Canarian wrestling may be a fairly specialized and small-scale sport, but the physical prowess of its athletes has come under intense scrutiny from a group of Spanish researchers. Their findings were presented at the recent Euroecho and Other Imaging Modalities conference in Budapest.
"This form of wrestling is a very traditional Canarian sport, very old, and very important to our population," said Dr. Alejandro de la Rosa Hernandez of Hospital Universitario de Canarias, based in the city of San Cristóbal de La Laguna. He studied the sport as part of his doctoral thesis.
Cardiac MRI is the gold standard for measuring volume quantification of the right ventricle (RV). It is well known that continuous and vigorous physical activity produces cardiac adaptations, and the researchers' aim was to compare RV remodeling in a group of endurance athletes (EAs), strength athletes (SAs) and a control group. A total of 52 athletes were tested -- 25 EAs and 27 SAs -- the latter all wrestlers from the Canary Islands. The sedentary control group numbered 16, and all the participants were men.
"There are very few women wrestlers," Hernandez explained. "Maybe in the future we can do that, but it will take some time to find the numbers."
Using 3-tesla MRI, echocardiography, and lower field strength MRI, the researchers looked at RV end-diastolic volume, systolic volume, and stroke volume, normalized to body surface area and ejection fraction. The preliminary results, at least, proved much closer than expected. "We thought the wrestlers would have been in worse physical shape, but they train more than they did years ago and are more professional; the results were similar to those of other SAs we have taken," he noted.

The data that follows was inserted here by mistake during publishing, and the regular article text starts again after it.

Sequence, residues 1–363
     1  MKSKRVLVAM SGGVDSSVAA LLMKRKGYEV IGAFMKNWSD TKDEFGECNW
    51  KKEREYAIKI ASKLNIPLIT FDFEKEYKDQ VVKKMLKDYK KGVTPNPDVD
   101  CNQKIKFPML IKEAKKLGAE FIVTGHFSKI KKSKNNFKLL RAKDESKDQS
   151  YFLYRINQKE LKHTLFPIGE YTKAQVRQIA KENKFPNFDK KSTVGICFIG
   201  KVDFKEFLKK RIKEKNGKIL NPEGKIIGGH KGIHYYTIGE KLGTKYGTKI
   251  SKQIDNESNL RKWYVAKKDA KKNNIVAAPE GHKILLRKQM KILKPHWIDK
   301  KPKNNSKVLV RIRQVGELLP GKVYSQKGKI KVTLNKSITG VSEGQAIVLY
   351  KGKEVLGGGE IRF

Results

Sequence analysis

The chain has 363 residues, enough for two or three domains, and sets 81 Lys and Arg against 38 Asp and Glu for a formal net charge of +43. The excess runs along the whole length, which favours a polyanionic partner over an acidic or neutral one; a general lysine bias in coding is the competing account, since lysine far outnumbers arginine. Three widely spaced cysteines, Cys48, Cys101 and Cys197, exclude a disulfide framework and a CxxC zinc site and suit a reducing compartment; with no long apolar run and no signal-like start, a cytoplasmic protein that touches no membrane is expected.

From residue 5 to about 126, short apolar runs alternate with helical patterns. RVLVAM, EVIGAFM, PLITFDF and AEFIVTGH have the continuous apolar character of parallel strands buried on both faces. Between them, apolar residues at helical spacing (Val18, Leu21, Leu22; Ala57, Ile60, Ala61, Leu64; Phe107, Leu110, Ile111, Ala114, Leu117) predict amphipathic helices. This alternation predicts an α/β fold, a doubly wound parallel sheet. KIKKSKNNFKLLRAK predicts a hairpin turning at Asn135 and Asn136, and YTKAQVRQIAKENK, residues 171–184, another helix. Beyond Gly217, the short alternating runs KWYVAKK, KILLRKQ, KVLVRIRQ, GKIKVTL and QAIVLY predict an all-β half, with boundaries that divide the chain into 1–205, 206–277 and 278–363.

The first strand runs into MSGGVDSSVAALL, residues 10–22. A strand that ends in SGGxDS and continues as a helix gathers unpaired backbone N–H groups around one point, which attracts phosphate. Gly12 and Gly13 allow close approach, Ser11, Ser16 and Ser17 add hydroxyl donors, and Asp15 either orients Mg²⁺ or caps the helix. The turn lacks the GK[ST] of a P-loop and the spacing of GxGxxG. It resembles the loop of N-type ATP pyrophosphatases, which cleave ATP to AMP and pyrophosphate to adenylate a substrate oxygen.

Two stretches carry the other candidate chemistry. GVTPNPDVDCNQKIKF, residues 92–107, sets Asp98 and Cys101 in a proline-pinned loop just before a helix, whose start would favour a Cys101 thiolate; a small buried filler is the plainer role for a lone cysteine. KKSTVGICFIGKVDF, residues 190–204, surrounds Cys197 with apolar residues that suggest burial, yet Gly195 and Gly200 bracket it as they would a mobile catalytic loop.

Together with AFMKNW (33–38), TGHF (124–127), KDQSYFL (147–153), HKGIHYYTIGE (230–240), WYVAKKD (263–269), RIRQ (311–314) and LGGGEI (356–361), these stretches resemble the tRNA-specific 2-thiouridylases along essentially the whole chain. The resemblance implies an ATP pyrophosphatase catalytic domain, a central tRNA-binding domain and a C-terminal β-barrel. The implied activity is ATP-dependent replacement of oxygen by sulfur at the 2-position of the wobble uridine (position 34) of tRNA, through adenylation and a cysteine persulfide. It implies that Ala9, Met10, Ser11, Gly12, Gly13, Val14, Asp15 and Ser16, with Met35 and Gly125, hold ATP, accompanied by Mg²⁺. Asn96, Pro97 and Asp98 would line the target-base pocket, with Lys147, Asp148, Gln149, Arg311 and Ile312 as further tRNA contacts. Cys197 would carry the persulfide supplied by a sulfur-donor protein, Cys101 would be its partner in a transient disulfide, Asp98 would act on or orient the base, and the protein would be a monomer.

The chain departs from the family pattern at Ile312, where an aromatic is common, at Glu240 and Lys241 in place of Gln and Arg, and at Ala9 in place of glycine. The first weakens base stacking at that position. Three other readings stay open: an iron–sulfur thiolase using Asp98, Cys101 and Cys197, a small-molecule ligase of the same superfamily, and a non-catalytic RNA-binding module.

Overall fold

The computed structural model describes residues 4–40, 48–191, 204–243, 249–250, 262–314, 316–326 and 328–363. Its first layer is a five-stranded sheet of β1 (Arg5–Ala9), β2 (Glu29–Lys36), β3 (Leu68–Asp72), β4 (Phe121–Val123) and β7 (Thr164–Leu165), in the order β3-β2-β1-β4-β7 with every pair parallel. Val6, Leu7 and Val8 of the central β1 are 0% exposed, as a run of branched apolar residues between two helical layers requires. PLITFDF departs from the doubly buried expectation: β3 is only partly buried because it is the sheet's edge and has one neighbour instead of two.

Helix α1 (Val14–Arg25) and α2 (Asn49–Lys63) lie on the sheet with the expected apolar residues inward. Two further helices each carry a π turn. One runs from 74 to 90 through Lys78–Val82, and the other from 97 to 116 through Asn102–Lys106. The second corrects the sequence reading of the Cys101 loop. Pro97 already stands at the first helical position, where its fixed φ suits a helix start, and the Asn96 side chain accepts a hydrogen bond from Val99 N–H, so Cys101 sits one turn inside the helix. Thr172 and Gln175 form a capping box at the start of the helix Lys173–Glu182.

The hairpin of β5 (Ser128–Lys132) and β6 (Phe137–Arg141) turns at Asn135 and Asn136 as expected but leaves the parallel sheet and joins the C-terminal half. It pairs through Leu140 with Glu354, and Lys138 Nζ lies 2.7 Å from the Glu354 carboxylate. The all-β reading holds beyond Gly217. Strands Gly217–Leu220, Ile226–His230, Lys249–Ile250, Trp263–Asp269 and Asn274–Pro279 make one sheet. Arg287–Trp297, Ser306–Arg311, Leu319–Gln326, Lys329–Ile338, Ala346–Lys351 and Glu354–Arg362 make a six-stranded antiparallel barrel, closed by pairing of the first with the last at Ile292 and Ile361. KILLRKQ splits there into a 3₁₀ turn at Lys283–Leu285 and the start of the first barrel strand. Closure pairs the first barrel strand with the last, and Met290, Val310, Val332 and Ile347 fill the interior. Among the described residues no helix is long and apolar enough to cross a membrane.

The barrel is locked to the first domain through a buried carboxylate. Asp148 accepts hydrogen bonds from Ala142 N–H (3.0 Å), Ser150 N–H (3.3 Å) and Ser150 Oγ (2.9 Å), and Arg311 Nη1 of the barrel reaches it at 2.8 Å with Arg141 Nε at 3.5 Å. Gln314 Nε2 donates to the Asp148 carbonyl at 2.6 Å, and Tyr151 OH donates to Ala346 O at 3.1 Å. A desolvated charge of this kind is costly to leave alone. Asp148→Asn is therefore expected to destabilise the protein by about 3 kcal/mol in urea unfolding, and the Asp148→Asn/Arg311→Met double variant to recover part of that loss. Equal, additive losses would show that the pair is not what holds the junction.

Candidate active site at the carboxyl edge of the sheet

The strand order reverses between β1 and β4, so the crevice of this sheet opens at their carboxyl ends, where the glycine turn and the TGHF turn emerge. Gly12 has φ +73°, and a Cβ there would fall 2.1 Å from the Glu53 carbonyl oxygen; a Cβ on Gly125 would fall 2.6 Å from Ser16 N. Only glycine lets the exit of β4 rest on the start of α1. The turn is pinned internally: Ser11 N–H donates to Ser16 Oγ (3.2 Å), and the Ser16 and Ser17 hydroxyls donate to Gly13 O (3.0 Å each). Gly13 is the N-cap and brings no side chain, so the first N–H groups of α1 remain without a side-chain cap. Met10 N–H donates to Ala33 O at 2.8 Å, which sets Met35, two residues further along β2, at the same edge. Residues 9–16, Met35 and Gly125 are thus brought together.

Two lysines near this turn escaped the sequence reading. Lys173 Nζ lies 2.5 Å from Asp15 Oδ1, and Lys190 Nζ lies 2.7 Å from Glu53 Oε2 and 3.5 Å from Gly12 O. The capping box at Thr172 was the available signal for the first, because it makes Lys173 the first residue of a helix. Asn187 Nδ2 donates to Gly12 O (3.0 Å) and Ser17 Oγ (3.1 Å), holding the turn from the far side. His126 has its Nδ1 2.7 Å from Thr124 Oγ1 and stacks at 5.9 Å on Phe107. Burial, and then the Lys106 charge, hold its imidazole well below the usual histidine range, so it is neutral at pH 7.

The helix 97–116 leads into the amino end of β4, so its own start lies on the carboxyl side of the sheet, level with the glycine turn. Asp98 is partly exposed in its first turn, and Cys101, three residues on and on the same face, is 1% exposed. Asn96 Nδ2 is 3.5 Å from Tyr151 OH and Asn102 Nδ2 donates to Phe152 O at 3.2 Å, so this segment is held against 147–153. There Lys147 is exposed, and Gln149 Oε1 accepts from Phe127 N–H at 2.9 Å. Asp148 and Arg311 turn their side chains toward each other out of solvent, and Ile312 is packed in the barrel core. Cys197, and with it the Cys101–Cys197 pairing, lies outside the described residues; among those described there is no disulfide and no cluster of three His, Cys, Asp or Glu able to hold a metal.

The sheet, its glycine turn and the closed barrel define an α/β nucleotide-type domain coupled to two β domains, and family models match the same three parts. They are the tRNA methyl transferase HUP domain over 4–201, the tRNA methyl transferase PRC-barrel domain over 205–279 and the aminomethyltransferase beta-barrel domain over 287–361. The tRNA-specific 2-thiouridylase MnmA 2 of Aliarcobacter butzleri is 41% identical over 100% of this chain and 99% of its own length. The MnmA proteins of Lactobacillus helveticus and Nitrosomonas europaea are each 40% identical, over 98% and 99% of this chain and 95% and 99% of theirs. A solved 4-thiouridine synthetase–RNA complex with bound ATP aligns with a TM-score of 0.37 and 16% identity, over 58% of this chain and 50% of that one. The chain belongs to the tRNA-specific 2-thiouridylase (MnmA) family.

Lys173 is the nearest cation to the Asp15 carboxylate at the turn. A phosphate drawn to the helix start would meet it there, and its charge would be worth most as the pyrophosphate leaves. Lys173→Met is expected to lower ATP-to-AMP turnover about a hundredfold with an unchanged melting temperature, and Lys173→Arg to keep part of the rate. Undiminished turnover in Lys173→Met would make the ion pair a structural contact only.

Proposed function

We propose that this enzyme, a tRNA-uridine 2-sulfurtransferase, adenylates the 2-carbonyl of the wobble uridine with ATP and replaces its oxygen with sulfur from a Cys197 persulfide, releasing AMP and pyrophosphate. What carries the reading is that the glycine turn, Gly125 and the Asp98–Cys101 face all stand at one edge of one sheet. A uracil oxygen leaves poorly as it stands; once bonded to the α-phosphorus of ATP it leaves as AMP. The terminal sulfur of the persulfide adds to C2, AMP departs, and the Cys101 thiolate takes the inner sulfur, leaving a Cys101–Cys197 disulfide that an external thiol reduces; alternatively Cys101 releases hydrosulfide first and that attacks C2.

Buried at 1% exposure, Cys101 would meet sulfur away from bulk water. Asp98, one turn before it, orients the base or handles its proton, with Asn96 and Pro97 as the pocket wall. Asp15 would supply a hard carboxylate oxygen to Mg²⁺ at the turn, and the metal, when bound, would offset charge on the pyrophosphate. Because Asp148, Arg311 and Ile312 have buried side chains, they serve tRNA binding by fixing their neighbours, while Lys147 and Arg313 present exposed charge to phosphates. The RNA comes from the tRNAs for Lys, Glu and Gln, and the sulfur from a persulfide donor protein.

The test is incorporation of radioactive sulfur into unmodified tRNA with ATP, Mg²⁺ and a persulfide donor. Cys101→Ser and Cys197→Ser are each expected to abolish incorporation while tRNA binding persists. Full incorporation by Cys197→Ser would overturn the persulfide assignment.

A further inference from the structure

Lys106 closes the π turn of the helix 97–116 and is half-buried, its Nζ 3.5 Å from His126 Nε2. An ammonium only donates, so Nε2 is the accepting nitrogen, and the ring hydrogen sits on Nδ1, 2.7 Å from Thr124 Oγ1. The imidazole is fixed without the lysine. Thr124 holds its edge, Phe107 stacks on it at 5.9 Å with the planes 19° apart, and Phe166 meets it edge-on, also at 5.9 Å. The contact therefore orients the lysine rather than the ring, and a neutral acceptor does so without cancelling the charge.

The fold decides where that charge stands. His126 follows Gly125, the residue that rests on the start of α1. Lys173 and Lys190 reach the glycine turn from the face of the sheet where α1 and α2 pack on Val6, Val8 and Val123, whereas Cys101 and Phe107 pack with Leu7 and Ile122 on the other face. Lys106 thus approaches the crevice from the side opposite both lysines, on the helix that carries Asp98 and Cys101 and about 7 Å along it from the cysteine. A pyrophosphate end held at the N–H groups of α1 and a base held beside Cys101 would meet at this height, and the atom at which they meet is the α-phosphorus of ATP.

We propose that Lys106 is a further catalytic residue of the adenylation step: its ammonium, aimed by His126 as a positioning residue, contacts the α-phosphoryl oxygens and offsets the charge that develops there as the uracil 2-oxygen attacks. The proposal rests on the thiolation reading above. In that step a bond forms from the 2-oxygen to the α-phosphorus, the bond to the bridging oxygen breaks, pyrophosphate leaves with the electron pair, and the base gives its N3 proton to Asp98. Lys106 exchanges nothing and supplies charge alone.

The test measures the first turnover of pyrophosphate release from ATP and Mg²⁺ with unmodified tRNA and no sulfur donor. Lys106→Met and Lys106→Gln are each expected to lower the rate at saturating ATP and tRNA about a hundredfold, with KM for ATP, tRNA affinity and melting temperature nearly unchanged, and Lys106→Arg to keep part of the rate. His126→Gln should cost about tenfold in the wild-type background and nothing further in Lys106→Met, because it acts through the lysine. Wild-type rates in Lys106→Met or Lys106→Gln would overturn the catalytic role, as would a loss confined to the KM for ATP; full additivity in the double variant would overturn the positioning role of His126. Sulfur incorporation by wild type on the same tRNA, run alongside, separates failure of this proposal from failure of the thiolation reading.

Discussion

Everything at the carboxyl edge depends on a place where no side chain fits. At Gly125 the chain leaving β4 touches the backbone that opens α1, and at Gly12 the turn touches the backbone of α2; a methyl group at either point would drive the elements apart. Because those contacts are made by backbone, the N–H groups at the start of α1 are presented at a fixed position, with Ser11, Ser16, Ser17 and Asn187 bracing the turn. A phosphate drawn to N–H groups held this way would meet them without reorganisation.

Not that there weren't a few problems. For a start, the EAs were more open to collaboration, perhaps because they have more general awareness of their bodies and how they work. The wrestlers were not so keen because they were worried about their physical fitness.
"They do not have any support, and it is not necessary to be tested for competition," Hernandez said. "They have very big bodies. There were five wrestlers who could not even get into the MRI machine, or had to be taken out because they became very claustrophobic. It was very important for us, for our experience. In the end, we had to choose athletes who were no more than 125 kg [275 lb]."
And, as ever, the cost of scanning 68 people had to be addressed. Fortunately, the university has a program for this sort of study, and the university hospital facilities are available for research in the evening.
Hernandez hopes the final, detailed analysis will be published in June 2012. "We have done all the exams, and have the preliminary results; now we have to go into the analysis more deeply," he said.
Hernandez describes Lucha Canaria, or Canarian wrestling, as being like a combination of judo and wrestling, but it is perhaps more helpful to think of it as a slimmed-down version of sumo. Wrestlers stand in a sand circle called a terrero, but rather than push their opponent out of the ring, they try and make them touch the sand with any part of their body, except the feet. It is thought to date back to the Berber Guanches, the earliest known settlers of the islands, who probably brought it with them from North Africa. The first written reference to the sport is in 1420, shortly after the Spanish conquest of the Canaries.